This work’s fervent argument leaves little room for legal nuances or an analysis of the challenges facing doctors who treat chronic pain.

Pub Date: Jan. 29, 2018

ISBN: N/A

Page Count: -

Publisher: CreateSpace

Review Posted Online: Feb. 9, 2018

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Not an easy read but an essential one.

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HOW TO BE AN ANTIRACIST

Title notwithstanding, this latest from the National Book Award–winning author is no guidebook to getting woke.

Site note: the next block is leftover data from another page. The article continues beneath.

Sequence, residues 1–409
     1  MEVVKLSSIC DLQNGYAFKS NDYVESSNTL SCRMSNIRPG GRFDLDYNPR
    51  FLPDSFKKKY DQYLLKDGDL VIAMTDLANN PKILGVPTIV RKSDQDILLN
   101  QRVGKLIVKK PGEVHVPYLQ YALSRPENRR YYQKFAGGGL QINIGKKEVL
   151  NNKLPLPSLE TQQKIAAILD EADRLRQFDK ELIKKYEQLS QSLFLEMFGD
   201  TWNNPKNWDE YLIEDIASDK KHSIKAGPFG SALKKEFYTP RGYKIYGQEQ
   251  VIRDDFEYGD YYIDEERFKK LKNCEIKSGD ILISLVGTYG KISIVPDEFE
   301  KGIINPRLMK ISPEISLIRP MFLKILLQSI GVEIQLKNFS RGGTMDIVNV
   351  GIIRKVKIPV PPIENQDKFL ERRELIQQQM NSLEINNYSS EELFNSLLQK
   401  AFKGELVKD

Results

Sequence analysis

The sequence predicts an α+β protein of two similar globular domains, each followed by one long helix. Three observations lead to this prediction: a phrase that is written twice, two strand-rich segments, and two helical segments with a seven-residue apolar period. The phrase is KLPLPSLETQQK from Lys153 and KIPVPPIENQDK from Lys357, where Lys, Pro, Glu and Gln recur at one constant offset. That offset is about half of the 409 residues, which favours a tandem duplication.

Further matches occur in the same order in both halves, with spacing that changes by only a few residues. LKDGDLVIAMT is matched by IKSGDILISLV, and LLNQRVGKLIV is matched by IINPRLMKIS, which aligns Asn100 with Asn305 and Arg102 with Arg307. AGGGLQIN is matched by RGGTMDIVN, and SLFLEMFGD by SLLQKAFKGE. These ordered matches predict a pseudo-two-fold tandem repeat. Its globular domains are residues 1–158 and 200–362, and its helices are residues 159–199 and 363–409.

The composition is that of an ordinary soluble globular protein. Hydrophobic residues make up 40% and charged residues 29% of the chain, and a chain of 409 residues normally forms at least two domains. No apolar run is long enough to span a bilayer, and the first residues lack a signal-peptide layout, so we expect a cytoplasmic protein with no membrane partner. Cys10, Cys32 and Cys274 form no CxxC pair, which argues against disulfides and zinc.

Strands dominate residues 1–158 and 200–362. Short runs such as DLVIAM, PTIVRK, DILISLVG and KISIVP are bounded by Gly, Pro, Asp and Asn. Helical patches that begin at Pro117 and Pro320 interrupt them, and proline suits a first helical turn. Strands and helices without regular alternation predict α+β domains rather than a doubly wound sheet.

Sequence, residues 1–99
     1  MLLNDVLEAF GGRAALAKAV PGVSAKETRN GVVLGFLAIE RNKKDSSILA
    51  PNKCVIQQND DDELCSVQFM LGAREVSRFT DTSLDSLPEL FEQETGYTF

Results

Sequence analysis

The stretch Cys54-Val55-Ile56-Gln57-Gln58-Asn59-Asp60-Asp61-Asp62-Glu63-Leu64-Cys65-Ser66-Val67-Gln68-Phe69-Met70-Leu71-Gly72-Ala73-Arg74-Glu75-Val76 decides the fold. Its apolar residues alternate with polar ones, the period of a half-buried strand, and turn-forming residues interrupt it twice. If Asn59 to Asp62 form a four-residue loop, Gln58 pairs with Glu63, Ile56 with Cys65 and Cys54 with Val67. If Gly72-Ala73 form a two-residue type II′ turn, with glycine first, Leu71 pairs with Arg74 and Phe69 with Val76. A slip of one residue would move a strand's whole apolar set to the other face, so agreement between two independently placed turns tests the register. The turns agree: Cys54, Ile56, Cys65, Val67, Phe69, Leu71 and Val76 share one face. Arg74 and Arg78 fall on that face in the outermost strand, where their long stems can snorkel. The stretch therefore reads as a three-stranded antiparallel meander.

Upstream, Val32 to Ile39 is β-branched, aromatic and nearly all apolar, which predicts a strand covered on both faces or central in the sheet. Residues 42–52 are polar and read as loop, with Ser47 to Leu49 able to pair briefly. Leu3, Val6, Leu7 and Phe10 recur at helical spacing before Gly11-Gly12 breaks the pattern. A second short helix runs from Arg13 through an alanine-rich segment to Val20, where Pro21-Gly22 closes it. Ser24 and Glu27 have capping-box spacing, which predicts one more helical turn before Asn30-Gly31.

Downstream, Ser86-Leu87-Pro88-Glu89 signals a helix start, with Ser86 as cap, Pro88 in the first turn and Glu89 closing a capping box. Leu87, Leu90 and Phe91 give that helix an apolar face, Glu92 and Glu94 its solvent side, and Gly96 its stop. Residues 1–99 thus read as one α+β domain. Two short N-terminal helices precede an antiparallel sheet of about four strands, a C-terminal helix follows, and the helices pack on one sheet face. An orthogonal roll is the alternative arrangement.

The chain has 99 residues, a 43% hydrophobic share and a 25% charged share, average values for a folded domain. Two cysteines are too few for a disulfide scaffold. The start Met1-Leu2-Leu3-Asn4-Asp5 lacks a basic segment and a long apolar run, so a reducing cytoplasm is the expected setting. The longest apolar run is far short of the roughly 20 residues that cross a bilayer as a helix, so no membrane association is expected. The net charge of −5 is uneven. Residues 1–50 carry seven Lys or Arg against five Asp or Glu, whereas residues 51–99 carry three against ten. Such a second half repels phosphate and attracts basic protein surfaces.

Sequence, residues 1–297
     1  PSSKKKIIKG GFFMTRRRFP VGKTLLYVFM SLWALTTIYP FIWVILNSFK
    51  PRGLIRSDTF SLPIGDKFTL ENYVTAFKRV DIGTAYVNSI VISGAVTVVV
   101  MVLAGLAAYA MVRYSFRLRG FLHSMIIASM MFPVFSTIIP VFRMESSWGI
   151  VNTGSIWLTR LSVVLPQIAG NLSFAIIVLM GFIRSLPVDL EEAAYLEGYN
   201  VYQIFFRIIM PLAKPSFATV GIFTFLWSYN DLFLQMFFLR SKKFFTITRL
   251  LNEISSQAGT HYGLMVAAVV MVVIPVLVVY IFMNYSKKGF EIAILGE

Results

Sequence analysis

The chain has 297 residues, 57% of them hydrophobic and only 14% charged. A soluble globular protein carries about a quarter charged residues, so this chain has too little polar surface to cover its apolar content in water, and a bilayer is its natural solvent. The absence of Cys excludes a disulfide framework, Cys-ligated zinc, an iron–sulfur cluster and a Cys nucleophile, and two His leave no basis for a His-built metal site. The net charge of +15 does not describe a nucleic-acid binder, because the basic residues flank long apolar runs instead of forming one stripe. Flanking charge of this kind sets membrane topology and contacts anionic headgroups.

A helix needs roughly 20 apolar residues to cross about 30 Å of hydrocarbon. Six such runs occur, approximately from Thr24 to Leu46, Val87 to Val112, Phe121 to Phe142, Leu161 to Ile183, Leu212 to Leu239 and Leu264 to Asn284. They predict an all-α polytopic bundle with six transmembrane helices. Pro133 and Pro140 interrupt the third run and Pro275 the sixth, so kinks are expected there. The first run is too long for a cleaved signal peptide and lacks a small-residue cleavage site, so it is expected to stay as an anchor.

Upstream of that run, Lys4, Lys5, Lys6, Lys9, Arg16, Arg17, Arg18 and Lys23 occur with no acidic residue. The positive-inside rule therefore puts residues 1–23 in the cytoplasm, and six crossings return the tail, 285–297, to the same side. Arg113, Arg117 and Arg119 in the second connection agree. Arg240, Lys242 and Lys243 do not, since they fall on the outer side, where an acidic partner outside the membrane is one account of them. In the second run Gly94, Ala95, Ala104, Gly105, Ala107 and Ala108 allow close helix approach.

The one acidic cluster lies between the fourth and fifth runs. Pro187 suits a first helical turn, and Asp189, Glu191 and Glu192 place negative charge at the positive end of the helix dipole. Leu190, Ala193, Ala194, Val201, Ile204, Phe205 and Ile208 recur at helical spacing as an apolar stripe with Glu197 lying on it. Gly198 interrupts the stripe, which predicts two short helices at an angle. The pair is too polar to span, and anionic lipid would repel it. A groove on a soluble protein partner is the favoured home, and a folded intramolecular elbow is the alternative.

In fact, the word “woke” appears nowhere within its pages. Rather, it is a combination memoir and extension of Atlantic columnist Kendi’s towering Stamped From the Beginning (2016) that leads readers through a taxonomy of racist thought to anti-racist action. Never wavering from the thesis introduced in his previous book, that “racism is a powerful collection of racist policies that lead to racial inequity and are substantiated by racist ideas,” the author posits a seemingly simple binary: “Antiracism is a powerful collection of antiracist policies that lead to racial equity and are substantiated by antiracist ideas.” The author, founding director of American University’s Antiracist Research and Policy Center, chronicles how he grew from a childhood steeped in black liberation Christianity to his doctoral studies, identifying and dispelling the layers of racist thought under which he had operated. “Internalized racism,” he writes, “is the real Black on Black Crime.” Kendi methodically examines racism through numerous lenses: power, biology, ethnicity, body, culture, and so forth, all the way to the intersectional constructs of gender racism and queer racism (the only section of the book that feels rushed). Each chapter examines one facet of racism, the authorial camera alternately zooming in on an episode from Kendi’s life that exemplifies it—e.g., as a teen, he wore light-colored contact lenses, wanting “to be Black but…not…to look Black”—and then panning to the history that informs it (the antebellum hierarchy that valued light skin over dark). The author then reframes those received ideas with inexorable logic: “Either racist policy or Black inferiority explains why White people are wealthier, healthier, and more powerful than Black people today.” If Kendi is justifiably hard on America, he’s just as hard on himself. When he began college, “anti-Black racist ideas covered my freshman eyes like my orange contacts.” This unsparing honesty helps readers, both white and people of color, navigate this difficult intellectual territory.